This year, the conference’s theme was Active Hope. It was a response to the major disasters of the past few years, which has seen record breaking fires, hurricanes, and earthquakes. This asks: How can we maintain hope in this era of environmental extremes? I don’t know if I got the answer to that question through this conference, but I saw a good spread of great research.

The challenges we face can be difficult even to think about. Climate change, the depletion of oil, economic upheaval, and mass extinction together create a planetary emergency of overwhelming proportions. Active Hope shows us how to strengthen our capacity to face this crisis so that we can respond with unexpected resilience and creative power. Drawing on decades of teaching an empowerment approach known as the Work That Reconnects, the authors guide us through a transformational process informed by mythic journeys, modern psychology, spirituality, and holistic science. This process equips us with tools to face the mess we’re in and play our role in the collective transition, or Great Turning, to a life-sustaining society.

Active Hope Synopsis

Article accepted for publication: Environmental Science and Policy

Article entitled “From abstract futures to concrete experiences: How does political ideology interact with threat perception to affect climate adaptation decisions?”, co-authored with Sophie Kelmenson, Todd K. BenDor, and Danielle Spurlock, has been accepted for publication with Environmental Science & Policy! Abstract below:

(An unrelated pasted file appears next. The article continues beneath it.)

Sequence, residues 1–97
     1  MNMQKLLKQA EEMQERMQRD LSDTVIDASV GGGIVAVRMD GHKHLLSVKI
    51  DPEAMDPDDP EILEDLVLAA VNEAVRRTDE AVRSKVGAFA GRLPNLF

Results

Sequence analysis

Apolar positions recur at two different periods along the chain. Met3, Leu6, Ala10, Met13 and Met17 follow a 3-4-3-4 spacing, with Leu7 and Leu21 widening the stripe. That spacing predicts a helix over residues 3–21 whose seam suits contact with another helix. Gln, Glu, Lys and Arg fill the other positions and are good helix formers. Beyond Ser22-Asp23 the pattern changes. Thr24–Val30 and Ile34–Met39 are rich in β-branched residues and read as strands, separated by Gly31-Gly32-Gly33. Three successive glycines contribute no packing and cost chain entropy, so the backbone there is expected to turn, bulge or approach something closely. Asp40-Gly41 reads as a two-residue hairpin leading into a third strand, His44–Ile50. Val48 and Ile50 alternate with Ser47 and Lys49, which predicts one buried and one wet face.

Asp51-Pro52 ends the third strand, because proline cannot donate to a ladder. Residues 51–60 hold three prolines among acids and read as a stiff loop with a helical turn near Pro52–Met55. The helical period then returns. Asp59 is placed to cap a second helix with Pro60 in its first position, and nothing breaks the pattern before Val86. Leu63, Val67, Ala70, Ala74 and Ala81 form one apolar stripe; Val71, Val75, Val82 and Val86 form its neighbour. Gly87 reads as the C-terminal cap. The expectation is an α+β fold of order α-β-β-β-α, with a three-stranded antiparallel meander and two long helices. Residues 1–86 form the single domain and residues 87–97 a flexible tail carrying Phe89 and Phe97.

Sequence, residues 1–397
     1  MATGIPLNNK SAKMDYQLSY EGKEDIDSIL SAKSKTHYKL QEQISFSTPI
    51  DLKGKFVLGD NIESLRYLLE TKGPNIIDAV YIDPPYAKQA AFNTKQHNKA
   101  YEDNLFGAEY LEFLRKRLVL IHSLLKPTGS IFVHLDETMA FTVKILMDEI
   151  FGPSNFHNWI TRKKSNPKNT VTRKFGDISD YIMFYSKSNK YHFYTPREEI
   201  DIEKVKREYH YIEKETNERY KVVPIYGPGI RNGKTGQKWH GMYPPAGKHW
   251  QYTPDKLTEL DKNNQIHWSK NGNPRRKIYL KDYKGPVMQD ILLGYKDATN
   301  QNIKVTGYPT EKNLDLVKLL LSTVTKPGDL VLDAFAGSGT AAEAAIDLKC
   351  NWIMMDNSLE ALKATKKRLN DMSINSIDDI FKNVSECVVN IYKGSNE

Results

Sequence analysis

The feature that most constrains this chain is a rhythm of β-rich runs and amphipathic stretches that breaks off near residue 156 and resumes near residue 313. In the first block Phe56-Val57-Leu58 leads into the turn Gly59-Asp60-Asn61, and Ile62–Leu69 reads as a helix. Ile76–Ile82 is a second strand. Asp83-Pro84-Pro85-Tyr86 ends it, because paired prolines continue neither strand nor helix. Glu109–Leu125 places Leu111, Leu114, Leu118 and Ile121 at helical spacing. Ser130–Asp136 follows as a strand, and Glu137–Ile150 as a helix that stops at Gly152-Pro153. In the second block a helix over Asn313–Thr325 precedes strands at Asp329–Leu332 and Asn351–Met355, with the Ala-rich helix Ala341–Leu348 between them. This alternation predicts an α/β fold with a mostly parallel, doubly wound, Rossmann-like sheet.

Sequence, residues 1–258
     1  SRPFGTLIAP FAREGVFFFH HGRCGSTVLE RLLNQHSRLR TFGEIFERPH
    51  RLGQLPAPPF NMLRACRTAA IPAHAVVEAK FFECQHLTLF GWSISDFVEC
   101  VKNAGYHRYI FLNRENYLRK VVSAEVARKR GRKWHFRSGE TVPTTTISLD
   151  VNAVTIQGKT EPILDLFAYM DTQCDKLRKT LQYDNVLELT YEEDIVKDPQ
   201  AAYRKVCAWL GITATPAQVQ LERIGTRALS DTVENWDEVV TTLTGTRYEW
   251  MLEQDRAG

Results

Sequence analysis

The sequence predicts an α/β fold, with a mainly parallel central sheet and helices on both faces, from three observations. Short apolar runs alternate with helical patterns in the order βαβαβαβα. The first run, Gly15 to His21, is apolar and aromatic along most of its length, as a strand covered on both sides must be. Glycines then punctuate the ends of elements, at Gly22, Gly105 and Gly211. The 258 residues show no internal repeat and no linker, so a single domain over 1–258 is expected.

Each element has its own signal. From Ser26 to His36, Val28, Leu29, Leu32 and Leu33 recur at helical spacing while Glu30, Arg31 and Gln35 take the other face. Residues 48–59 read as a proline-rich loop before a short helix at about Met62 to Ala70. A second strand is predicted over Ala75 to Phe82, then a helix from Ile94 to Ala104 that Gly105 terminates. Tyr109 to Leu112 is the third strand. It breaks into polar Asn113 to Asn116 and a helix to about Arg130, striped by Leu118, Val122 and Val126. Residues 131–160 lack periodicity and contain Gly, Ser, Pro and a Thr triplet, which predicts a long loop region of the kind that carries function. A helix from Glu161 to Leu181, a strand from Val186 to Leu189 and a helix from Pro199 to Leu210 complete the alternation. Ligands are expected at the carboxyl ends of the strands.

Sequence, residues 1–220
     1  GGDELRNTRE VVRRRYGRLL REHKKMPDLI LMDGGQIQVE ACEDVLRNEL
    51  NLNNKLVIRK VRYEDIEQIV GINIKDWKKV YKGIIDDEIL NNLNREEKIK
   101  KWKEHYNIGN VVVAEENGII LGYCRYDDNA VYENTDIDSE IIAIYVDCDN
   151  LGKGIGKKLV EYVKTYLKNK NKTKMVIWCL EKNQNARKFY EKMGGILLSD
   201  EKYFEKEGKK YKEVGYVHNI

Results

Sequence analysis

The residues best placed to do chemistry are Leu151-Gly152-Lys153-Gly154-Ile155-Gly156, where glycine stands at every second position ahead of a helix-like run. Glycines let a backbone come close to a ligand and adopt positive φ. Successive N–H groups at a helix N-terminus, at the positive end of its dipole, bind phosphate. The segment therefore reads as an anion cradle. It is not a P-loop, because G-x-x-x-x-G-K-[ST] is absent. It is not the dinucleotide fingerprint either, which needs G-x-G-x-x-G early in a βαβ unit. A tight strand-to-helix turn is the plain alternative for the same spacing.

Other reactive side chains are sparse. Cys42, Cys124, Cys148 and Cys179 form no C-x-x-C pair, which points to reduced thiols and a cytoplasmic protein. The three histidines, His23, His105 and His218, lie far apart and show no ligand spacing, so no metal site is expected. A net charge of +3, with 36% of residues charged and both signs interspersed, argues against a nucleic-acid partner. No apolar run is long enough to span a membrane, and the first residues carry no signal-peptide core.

Climate change forecasts predict impacts that will increasingly expose coastal residents to existential risks, necessitating aggressive adaptation. While the polarization of climate change attitudes in American politics represents a barrier to climate adaptation efforts, it is not well-understood how political ideology mediates how individuals connect the abstract concept of “climate change” to concrete experiences with environmental risks. Understanding this link in the context of adaptation decision-making is important, as the effects of many, household-level adaptation efforts compound over space and time, affecting community flood risk and vulnerability. This paper asks, how do political ideologies interact with threat perception to affect coastal climate adaptation decisions? We frame this analysis using the Theory of Planned Behavior (TPB) and Protection Motivation Theory (PMT). Using responses from a survey of residents (n = 164) in North Carolina’s (USA) Albemarle-Pamlico Peninsula, we examine how measures of residents’ subjective norms, threat-appraisals, and self-efficacy influence their intent to retreat or topographically adapt. We find that, despite political polarization around climate change, generally, when given concrete examples of risk, respondents’ political beliefs appear unrelated to their plans to protect their property and livelihoods.

Ghost forests from the study area, the Albemarle Pamlico Peninsula

ACSP 2020: Four Abstracts Accepted

I have presented the past two years at the 2018 ACSP conference in Buffalo, New York; as well as the 2019 ACSP conference in Greenville, SC, so, I am comfortable with the process by now. However, was a little surprised to reflect back on the work I’ve done the past year, on my own papers and on teams with other researchers, and realize I’ve been a partner on four different projects that are being presented on for this upcoming conference (theoretically still taking place) in Toronto.

A quick list of the paper authors and the other authors are below:

The-Storm.2(MIS)TRUSTING THE PROCESS: HOW COMPLICATIONS IN THE BUYOUT PROCESSES CAN DEGRADE PUBLIC TRUST
Abstract ID: 199

SCHWALLER, Nora [presenting]
NGUYEN, Mai [primary author]